By Sue Pleming

Reuters 24 May 2000

Washington -- Trying once and for all to end controversy over his views on AIDS, South African President Thabo Mbeki said on Tuesday his past comments had been misinterpreted and that he had never questioned the link between HIV and AIDS.

But Mbeki was quick to stress that the world's focus should not only be on the AIDS epidemic sweeping across Africa and that the mosquito-borne disease malaria deserved equal treatment.

Reports that Mbeki questioned whether HIV causes AIDS--the view of most scientists--and his decision not to give pregnant women the antiviral drug AZT, has clouded the South African president's first state visit to the United States.

"Clearly there has been some misunderstanding of what we have said...We have never said there is no connection between HIV and AIDS. I don't know where that report came from,'' Mbeki told reporters after receiving an honorary degree at Howard University in Washington.

AIDS activists say Mbeki's government has been slow to respond to the AIDS epidemic in his country where one in 10 South Africans, or about 4.2 million people, are infected with HIV, the human immune-deficiency virus. They are also outraged by the inclusion on a presidential panel of three US researchers who contend AIDS is not always caused by HIV and that conventional drugs may be ineffective.

Mbeki, who discussed the AIDS issue with President Bill Clinton on Monday, said questions remained over the use of antiviral drugs such as AZT for pregnant women with AIDS.

Even with recently announced price reductions for drugs by five large pharmaceutical companies, prescribing AZT to all pregnant women with HIV would take up his country's entire health budget, he said. "We would not even be able to afford an aspirin,'' he said, adding that South Africa's medical infrastructure was not sufficient to monitor the use of AZT, which can be toxic.

Clinton said Monday he hoped South Africa would be helped by the decision earlier this month by five big drug makers to cut prices for AIDS drugs in Africa, and by his executive order that effectively gives African countries more leeway to pursue cheaper, generic versions of patented anti-AIDS drugs.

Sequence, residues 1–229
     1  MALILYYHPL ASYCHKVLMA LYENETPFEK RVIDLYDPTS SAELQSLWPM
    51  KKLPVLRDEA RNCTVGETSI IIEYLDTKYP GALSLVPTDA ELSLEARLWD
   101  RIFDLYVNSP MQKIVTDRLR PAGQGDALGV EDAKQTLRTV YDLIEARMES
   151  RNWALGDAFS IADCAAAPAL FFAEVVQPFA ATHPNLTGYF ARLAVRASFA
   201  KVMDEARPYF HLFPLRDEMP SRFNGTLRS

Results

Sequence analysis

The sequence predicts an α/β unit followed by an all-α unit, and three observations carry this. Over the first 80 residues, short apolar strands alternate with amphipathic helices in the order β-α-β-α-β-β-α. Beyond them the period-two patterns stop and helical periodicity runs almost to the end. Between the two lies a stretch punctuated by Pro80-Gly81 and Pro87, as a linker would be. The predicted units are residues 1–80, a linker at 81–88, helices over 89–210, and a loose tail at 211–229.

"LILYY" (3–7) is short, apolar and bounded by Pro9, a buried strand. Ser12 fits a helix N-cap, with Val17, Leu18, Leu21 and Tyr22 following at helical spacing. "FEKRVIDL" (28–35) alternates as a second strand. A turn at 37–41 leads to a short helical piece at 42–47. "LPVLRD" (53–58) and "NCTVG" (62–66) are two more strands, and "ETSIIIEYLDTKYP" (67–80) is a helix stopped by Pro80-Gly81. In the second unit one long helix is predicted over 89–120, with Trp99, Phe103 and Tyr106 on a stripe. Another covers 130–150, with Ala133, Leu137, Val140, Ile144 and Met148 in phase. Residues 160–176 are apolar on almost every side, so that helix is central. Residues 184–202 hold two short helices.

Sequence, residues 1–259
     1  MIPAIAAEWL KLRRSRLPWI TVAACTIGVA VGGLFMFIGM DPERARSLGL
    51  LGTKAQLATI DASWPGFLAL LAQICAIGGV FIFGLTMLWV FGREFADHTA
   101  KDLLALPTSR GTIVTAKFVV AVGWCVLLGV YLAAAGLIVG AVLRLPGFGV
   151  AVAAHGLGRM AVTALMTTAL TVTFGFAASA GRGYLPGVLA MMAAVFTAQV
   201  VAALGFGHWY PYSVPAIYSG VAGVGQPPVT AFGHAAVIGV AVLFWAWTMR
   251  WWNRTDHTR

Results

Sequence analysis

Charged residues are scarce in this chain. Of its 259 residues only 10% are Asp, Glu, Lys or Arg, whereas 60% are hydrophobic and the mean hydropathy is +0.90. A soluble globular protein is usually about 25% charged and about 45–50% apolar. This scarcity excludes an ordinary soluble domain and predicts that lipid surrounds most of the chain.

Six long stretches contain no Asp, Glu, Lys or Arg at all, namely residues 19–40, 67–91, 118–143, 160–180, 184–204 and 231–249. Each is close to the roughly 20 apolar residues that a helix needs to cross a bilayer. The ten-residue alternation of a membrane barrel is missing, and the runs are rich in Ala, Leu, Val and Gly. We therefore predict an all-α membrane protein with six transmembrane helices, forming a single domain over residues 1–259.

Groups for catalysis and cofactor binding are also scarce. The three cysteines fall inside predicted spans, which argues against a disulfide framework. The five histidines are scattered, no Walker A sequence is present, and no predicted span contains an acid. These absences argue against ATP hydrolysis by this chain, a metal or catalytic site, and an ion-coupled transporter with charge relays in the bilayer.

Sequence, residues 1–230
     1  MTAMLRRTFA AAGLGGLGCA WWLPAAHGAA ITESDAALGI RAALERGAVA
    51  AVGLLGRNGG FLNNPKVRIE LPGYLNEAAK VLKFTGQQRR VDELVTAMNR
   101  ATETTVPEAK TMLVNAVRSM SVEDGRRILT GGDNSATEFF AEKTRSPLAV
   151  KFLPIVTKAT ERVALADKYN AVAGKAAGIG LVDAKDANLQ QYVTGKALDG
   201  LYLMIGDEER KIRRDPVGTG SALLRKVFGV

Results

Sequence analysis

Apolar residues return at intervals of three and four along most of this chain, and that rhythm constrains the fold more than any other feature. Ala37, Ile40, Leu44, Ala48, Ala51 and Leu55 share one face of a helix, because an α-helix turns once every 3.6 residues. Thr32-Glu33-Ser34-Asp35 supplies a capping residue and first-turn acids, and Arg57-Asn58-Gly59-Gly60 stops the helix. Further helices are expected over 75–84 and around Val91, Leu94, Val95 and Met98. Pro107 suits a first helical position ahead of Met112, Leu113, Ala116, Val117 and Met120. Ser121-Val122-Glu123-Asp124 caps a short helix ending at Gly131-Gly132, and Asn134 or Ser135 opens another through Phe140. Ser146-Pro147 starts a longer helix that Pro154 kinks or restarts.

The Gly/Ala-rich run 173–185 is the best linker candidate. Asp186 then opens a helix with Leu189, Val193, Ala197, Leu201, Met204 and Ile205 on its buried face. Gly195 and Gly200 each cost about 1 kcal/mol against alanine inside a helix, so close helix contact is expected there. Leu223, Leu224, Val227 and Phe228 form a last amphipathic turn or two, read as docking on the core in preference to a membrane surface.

South African Foreign Minister Nkosazana Dlamini-Zuma, a former health minister, said she did not believe prescribing AZT was an efficient use of her government's resources. It was also not clear, she said, whether prescribing vitamins and supplementing a mother's diet would have the same effect as using AZT. "There is a lot of scientific work that still needs to be done, despite the fact that it would cost so much without a very good result in the end.''

Mbeki said one of the biggest killers in Africa was malaria, but no one wanted to talk about this issue and instead focused solely on AIDS. "I think we have to deal with this AIDS issue as effectively as possible, and so on, but I think that it would be incorrect for us as Africans to just focus on this and leave these other major issues- malaria, tuberculosis,'' he said.

The emergence of HIV/AIDS since the 1980s as an epidemic across Africa has overshadowed the fight against malaria, which affects over 400 million people each year and causes a million deaths. Most of those deaths are African children. Mbeki said he could understand that malaria was not a serious problem in the United States and so this might be difficult for people to understand.

"No one asks and no one wants to come in and say, 'What can we do to assist with dealing with malaria' because of this exclusive focus. It's an important focus but it must not mean we should close our eyes to other realities,'' Mbeki said.